My father was a hardcore negotiator--the kind that used car salesmen actually feared.
For years, I cringed in similar situations. I was a peacemaker by nature--to a fault. Afraid to push too much for fear of losing out altogether, I often settled...and ended up with the short end of the stick.
But that changed when I started studying successful negotiators. In time, I realized that the ability to understand emotions and use them to work for me, also known as emotional intelligence (EI or EQ), could be valuable at the negotiating table.
Chris Voss, founder and CEO of The Black Swan Group and author of Never Split the Difference, is a former lead international kidnapping negotiator for the FBI. In a recent piece for TIME, Voss detailed a few of his strategies for winning negotiations. As he explains, the traditional advice to show "a poker face" and keep emotions out of the negotiating room is completely wrong.
"How can you separate people from the problem when their emotions are the problem?" asks Voss. "Emotions are one of the main things that derail communication. Once people get upset at one another, rational thinking goes out of the window. That's why, instead of denying or ignoring emotions, good negotiators identify and influence them."
"Emotions aren't the obstacles to a successful negotiation," says Voss. "They are the means."
So how can you use emotions to your advantage when negotiating? Here are Voss's suggestions, with a few of my own thoughts.
Learn to mirror words selectively.
"Repeat the last one to three words your counterpart just said back to them," says Voss. "This is one of the quickest ways to establish a rapport and make your counterpart feel safe enough to reveal themselves."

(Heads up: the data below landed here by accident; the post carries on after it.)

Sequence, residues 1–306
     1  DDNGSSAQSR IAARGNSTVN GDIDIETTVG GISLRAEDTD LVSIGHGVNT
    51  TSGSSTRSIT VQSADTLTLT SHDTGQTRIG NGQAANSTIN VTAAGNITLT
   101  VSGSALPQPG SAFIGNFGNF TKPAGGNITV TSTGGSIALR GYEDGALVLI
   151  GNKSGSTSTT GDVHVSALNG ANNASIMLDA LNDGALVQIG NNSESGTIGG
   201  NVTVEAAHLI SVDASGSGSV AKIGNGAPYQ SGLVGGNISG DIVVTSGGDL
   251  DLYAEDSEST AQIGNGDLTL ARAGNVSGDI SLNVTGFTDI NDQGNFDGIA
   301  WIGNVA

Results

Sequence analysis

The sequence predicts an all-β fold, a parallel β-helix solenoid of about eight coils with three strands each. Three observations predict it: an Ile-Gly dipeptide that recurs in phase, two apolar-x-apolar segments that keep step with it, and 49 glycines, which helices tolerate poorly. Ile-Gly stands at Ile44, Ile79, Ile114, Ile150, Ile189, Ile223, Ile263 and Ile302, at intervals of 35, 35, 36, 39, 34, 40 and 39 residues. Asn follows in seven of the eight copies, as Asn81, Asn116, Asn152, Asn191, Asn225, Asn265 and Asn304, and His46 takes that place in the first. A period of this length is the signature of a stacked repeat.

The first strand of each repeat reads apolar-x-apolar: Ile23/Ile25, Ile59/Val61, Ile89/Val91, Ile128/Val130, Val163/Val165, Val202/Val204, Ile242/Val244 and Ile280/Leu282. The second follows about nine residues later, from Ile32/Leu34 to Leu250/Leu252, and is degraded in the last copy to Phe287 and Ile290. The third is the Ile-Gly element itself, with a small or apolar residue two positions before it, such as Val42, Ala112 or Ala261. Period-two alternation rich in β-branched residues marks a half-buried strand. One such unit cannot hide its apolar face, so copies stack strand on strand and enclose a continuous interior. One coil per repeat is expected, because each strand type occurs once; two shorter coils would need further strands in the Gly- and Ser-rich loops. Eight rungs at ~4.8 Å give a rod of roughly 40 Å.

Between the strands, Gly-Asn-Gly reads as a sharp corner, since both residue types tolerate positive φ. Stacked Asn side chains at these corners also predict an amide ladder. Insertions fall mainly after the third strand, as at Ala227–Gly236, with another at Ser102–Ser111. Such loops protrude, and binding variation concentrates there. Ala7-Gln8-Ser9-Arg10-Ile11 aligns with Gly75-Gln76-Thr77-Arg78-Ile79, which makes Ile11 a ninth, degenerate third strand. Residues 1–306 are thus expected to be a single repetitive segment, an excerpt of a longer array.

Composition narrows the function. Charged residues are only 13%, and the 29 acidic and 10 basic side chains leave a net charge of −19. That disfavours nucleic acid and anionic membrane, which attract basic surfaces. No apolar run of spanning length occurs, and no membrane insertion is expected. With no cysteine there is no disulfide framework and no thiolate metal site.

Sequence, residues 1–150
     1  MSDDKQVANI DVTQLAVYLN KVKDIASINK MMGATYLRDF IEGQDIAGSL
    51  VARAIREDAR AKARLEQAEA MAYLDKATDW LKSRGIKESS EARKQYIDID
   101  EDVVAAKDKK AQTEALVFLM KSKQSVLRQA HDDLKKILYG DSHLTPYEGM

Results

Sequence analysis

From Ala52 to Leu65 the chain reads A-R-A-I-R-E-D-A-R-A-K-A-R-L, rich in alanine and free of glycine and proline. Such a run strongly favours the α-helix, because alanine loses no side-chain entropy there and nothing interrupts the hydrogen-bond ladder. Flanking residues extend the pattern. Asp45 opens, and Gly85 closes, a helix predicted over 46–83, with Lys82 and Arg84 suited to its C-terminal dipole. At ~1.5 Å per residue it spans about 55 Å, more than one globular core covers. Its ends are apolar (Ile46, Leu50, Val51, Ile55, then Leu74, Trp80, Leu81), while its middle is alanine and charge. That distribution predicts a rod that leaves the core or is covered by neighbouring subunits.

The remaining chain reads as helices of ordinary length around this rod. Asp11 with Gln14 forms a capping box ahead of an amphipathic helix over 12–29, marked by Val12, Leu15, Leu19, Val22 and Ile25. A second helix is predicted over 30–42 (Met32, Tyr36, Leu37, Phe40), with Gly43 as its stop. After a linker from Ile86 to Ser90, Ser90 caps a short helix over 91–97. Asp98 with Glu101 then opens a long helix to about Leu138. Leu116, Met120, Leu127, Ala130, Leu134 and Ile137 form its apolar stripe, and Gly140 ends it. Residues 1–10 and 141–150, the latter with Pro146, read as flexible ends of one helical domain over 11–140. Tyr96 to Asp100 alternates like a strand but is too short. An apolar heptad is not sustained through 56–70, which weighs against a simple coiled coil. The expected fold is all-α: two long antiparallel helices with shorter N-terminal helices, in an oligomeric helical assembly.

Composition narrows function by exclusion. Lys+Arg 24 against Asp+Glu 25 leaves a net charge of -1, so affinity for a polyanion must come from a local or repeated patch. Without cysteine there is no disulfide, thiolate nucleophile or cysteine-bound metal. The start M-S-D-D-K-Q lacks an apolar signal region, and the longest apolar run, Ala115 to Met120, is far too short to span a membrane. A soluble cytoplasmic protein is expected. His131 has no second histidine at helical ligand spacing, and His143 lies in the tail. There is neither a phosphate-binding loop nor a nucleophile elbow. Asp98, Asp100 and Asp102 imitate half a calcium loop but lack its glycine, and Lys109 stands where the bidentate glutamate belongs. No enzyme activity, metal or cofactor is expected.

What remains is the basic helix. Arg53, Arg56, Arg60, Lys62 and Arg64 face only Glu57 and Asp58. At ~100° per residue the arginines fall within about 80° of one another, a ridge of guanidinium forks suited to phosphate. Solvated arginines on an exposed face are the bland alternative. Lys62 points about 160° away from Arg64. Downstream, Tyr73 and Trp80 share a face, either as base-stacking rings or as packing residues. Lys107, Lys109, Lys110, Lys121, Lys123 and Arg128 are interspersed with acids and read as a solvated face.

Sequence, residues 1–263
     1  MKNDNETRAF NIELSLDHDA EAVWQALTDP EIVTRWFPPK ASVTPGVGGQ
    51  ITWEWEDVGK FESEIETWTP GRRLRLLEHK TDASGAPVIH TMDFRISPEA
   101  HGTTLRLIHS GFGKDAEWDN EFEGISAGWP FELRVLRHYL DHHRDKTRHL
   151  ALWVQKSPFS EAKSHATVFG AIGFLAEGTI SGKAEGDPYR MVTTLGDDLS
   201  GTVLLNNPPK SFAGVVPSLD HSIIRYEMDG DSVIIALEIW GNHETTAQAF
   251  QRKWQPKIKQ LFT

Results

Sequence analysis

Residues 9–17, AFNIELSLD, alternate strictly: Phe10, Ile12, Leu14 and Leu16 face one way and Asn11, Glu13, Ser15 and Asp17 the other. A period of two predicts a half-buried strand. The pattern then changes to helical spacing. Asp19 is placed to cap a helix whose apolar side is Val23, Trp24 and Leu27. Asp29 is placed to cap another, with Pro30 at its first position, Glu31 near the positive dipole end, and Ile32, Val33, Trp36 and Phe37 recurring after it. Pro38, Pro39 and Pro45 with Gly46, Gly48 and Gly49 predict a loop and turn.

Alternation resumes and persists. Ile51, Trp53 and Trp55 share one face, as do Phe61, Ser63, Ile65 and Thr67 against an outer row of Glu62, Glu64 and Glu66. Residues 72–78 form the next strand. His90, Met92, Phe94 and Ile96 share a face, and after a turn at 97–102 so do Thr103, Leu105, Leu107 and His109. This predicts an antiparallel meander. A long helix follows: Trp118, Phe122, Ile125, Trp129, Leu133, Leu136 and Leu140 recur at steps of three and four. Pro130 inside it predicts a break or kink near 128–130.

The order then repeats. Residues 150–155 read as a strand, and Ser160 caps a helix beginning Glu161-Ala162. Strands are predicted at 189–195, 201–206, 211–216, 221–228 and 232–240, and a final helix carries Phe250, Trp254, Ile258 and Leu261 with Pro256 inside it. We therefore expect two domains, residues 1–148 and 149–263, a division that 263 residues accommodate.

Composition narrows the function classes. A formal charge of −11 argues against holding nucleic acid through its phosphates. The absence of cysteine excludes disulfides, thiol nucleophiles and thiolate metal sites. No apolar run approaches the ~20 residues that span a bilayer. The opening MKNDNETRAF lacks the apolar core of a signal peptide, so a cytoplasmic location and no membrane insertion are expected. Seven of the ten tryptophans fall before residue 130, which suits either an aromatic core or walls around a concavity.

Additionally, this technique allows you to slow the conversation down, providing more time to think.
Use empathy strategically.
Demonstrate to your counterpart that you're striving to understand their feelings.
Voss recommends phrases like "It sounds like you are afraid of..." and "It looks like you're concerned about..." to do this.
An additional tactic is to sit down before the negotiation and list the weaknesses of your position. Doing so allows you to prepare for the difficult questions, and even beat them to the punch.
Get them to "no".
Every yes is a concession to the other side; at least, it sometimes feels that way. Allowing opportunities to say no gives the other person a measure of control and gives them a sense of security.
Ask no-oriented questions like: "Have you given up on this aspect?" and "Is it too late to talk about x ?"
Rephrase and summarize.
"The moment you've convinced someone that you understand their dreams and feelings is the moment a negotiation breakthrough can happen. Trigger a 'that's right' response by summarizing and reaffirming how your counterpart feels and what they want.
A great summary that will trigger a 'that's right' will be done based on feelings and passions that are driving them but that they may be blind to."
I do this personally by repeating what my counterpart says in my own words.
Let's say a client tells me they think I'm worth the price or terms I'm asking for, but they can't afford to pay it--because they're afraid other contractors would discover this and demand the same. I follow with something like: "So what you're saying is that you don't want to risk your relationships... and that you're not ready to bind yourselves to a new precedent."
Acknowledging their side and mirroring their point shows them I understand, and contributes to a feeling of working together.
Work with your counterpart. Not against them.
Good negotiators realize that striving for win/win outcomes produces the best results.
My favorite piece of advice from Voss: "Don't try to force your opponent to admit that you are right."
Because remember: In negotiations, the more the other person likes you, the more flexible he or she will be.
Putting it into practice.
Whether attempting to persuade our spouse or child, a boss or client, all of us are in the negotiation business. And emotions will always influence the outcome.
Base your discussion on these principles, and make those emotions work for you, instead of against you.